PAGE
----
Monday, June 27, 2016

Medical School Interview Questions - Discerning or Disturbing?

This fun piece from the Harvard Medical School (HMS) alumni magazine is worth a read. The article, "Stress Fractures" by Dr. Jules Dienstag, a member of the HMS Admissions Committee, briefly chronicles a history of the "stress" interview at HMS, specifically whether a well-known professor Dr. Daniel H. Funkenstein used the dubious tactic. The famous nailed-shut window story is explored.

Monday, June 20, 2016

ERAS Help and Scheduling

Just a reminder that U.S. medical students can already register for MyERAS and can start inputting their application materials. IMGs must wait until June 21 for their tokens and then they, too, can register. Both groups can "assign" their documents early September, which means that at that time they can start sending their completed applications to ACGME-accredited residencies.

DO candidates for AOA-accredited residencies have a somewhat accelerated cycle; please check it out here.

No matter what camp you are in, please start working on your materials early. Good writing takes a lot of time, and that mad rush at the end is never strategic.

Monday, June 13, 2016

How to Navigate the Residency Personal Statement when You're Applying for a Preliminary Year

Candidates who apply to certain fields - dermatology, ophthalmology, etc. - need a preliminary or transitional year of residency before initiating their specialty training. So does that mean those applicants need to toil over two personal statements?

No, thankfully. It's very appropriate (and strategic) to use the same essay with modifications. Ensure you explicitly address why a prelim year will advance the rest of your career and how you will contribute to the training program as a future specialist.

When you use a very similar essay, you can be honest about what your professional goals are. After all, the reader knows you're applying for a one-year position anyway.

Remember that many preliminary/transitional year programs are eager to match residents who are moving onto competitive fields. In general, those applicants will have strong USMLE scores, evaluations, and clinical skills.

Monday, June 6, 2016

Medical School Help: What are the Next Steps Once the AMCAS is In?

Once you've submitted your AMCAS, what can you do next to best prepare for what's to come in the medical school admissions process?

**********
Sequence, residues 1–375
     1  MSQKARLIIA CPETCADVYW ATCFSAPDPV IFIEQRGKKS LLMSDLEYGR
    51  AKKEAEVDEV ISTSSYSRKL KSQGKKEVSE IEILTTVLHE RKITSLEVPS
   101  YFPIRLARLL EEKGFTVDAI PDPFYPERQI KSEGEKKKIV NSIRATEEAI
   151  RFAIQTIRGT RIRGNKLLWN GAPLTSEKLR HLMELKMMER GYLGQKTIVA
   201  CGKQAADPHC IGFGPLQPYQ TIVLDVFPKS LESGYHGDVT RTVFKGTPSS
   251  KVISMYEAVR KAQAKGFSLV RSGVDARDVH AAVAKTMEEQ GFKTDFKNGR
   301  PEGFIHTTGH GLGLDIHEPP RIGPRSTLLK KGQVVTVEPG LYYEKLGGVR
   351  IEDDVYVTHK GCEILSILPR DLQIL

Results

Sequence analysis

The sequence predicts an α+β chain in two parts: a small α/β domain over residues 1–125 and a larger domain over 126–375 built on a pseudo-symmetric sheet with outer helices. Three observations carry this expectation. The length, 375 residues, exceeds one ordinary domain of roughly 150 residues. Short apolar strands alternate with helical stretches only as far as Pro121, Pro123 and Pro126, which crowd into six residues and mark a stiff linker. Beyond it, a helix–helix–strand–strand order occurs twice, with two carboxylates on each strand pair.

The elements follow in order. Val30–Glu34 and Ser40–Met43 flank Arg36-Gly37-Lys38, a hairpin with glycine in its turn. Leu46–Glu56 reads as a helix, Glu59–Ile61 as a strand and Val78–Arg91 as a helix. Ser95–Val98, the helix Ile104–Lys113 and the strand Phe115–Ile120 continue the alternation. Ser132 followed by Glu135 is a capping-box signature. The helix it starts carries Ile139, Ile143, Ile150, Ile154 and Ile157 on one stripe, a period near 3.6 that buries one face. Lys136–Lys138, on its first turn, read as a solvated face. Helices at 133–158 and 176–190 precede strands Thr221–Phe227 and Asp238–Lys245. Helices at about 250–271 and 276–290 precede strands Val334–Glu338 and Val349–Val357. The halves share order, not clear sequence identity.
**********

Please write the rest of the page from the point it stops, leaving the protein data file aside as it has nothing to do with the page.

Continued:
Here are a few tips:

1. Start to draft secondary essays. Even if you haven't yet received the prompts, you can begin to craft responses to common themes like "how would you add diversity to our school?" and "describe an extracurricular activity that might be of interest to the committee." Good writing takes time, but if you wait for the onslaught of secondary applications, you won't be able to impart your essays with your highest quality effort.

2. Get a head start on preparing for the medical school interview. Practice, practice, practice. Start mocking up answers to interview questions so that you distinguish yourself.

3. Consider what you want. Do some soul searching to determine what you are really seeking geographically, philosophically, and educationally. You want to make considered decisions when the time comes.

Monday, May 30, 2016

AMCAS tips

On June 7, you can submit your AMCAS. In preparation for that rapidly upcoming date, here are a few quick tips for writing your AMCAS activities:

1. Use full sentences. It's a formal application, and you want to make your written materials as readable as possible.

2. Avoid abbreviations. Again, you want to be formal, and abbreviations you think are common might not be familiar to the reader.

3. Make sure you spell out your accomplishments clearly. If your reader doesn't understand an activity, you will not get "full credit" for what you've done.

4. Choose "most meaningful" activities that show a breadth of experience, e.g. one that is related to research, another that is clinical, and a final that is volunteer.

5. Write about yourself and your role - not an organization. For example, don't use the space to discuss Habitat for Humanity. Use it to discuss the specifics of your role at Habitat for Humanity.

6. Use numbers to be persuasive. Saying that the conference your organized had 300 participants says it all.

7. Get help. Do not submit your application without having it reviewed. Don't submit suboptimal materials for a process that is this important and competitive.

Monday, May 23, 2016

Medical Students: How Do you Select Your Specialty?

'Tis the season: Yes, it's time to make those final decisions about your future specialty. However, the way the medical education system is set up, it's a very difficult and stressful choice to make. Here's my Student Doctor Network article on how to choose your future career.

Monday, May 16, 2016

Get a Better Letter

After over a decade of reading medical school and residency letters of recommendation (LOR), I can tell you that the biggest error I see in the LOR process occurs when applicants settle for mediocre letters. In other words, they know that a supervisor/faculty member/attending isn't going to write them a strong letter, but they fill the LOR slot with the middling endorsement anyway.

Please take a look at my most recent Student Doctor Network article, "Get a Better Letter" for concrete ideas on how to approach the letter of recommendation process.

Monday, May 9, 2016

Personal Statement Errors You Can Easily Avoid

As AMCAS® and ERAS® openings approach, I wanted to remind candidates about a few personal statement errors to avoid. First, take a look at my piece Tales from an Insider on Student Doctor Network about how to write a persuasive (not narrative) personal statement. Second, spend under two minutes (literally) checking out two Guru on the Go® Videos on my YouTube channel: Personal Statement Russian Roulette #1 and #2.

Contact me for personalized help on your documents.